Swimming legend Ian Thorpe has admitted that he has struggled since his return to the pool earlier this year.
The five-time Olympic gold medallist retired in November 2006 but has come out of retirement with the hope of competing at London 2012.
"At the moment I'm not very close to being where I was before," the 28-year-old Australian said.
Thorpe, who has been working under new coach Gennadi Touretski in Switzerland, added that "it's a real struggle".
He continued: "I'm on track with the level that I thought I would be when we set out the time-frames when I came back but London is getting very close now.
"Training hasn't been easy. If it was then everyone would do it.
"On the whole I'm enjoying it but there are days when it's a struggle. It's really hard to do the training, especially if I'm down and I'm not swimming as well as I'd like.
"The most frustrating part is not being able to do something that you really want to do and remembering how you are supposed to do it."
With nine Olympic medals to his name, Thorpe is the most successful Australian Olympian of all-time. When he announced his retirement at the age of 24 he cited a lack of motivation.
The 'Thorpedo' said he was only going to take part in relays when he announced his comeback in Ferbuary. But he has since hinted that he could compete in individual races.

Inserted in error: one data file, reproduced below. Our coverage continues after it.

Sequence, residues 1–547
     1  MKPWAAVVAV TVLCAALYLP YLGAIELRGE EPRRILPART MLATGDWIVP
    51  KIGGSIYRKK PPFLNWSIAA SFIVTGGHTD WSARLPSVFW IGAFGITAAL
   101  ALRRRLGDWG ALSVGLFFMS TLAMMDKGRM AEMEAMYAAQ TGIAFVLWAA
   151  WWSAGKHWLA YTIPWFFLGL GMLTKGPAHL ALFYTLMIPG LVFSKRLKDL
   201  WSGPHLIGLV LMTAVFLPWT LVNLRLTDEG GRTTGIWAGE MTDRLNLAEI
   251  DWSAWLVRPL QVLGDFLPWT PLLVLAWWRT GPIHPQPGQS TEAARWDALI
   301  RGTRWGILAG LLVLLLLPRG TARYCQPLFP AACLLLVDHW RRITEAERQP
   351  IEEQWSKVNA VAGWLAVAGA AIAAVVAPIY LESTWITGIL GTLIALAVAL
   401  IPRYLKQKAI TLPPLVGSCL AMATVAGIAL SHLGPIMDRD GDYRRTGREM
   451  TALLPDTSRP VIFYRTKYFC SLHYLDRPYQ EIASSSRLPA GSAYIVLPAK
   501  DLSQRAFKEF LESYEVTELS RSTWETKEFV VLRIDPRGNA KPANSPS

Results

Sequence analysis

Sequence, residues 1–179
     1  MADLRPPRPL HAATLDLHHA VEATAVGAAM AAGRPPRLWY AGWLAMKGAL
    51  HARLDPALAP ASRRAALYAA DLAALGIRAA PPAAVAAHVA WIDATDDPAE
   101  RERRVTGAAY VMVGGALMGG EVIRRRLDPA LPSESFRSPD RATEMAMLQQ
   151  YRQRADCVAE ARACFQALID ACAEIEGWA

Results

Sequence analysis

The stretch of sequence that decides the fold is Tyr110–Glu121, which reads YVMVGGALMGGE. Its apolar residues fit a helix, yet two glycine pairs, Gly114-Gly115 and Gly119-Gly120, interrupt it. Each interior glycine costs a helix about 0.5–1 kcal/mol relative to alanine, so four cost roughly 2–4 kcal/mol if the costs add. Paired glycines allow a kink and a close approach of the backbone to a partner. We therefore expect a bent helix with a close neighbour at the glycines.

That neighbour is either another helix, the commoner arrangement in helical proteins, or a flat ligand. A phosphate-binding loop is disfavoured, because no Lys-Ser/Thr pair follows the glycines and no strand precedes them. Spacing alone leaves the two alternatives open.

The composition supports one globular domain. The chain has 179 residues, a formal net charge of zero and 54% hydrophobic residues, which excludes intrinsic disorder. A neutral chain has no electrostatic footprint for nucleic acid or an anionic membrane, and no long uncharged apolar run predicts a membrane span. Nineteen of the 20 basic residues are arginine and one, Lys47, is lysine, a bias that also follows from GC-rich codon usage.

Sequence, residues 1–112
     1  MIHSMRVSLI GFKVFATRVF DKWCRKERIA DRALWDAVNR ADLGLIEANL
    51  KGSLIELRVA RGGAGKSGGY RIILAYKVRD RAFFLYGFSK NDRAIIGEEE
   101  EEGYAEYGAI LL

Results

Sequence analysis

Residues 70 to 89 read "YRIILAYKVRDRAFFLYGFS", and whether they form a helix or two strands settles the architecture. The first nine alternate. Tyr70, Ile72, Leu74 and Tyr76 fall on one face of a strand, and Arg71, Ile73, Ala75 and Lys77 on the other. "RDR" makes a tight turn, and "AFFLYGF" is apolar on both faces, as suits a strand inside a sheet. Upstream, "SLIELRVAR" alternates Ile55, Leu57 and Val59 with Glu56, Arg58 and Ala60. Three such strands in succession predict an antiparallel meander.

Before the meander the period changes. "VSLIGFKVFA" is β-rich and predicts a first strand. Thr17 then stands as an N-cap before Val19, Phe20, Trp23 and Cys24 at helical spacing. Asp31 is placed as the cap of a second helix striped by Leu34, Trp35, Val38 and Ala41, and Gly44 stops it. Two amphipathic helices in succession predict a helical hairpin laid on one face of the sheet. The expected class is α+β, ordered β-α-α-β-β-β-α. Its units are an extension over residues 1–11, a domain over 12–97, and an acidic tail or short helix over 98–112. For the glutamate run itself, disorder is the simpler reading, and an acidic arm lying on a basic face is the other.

That would set up the prospect of a head-to-head battle in the 200 metres freestyle against American Michael Phelps, the man who has dominated the scene since Thorpe announced his retirement.
Phelps burst on to the scene by claiming eight gold medals at the 2008 Olympics in Beijing, breaking Mark Spitz's 36-year-old record for the most golds at a Games in the process.
Thorpe beat Phelps in what was billed as "the race of the century" in the 200m freestyle in Athens in 2004 and there is already a clamour for a rematch in the pool in London.
However, the Australian has insisted that he will not let such talk distract him from his comeback.
"It may happen. It's something that I know the media would love. They will put us as rivals where we are staring each other out in photos but Michael and I will have a laugh about it because we're friends," he added.
"I don't specifically think about beating him or anyone else.
"I train so that I can be in the best shape and perform at my best. As soon as you start worrying about other people then you lose a lot of energy."
Ian Thorpe will be part of the BBC Sport team commentating on the Great Salford Swim live on BBC Two and online from 1400-1530 BST on Sunday 15 May
He is also backing the Big Splash - an initiative to get more people swimming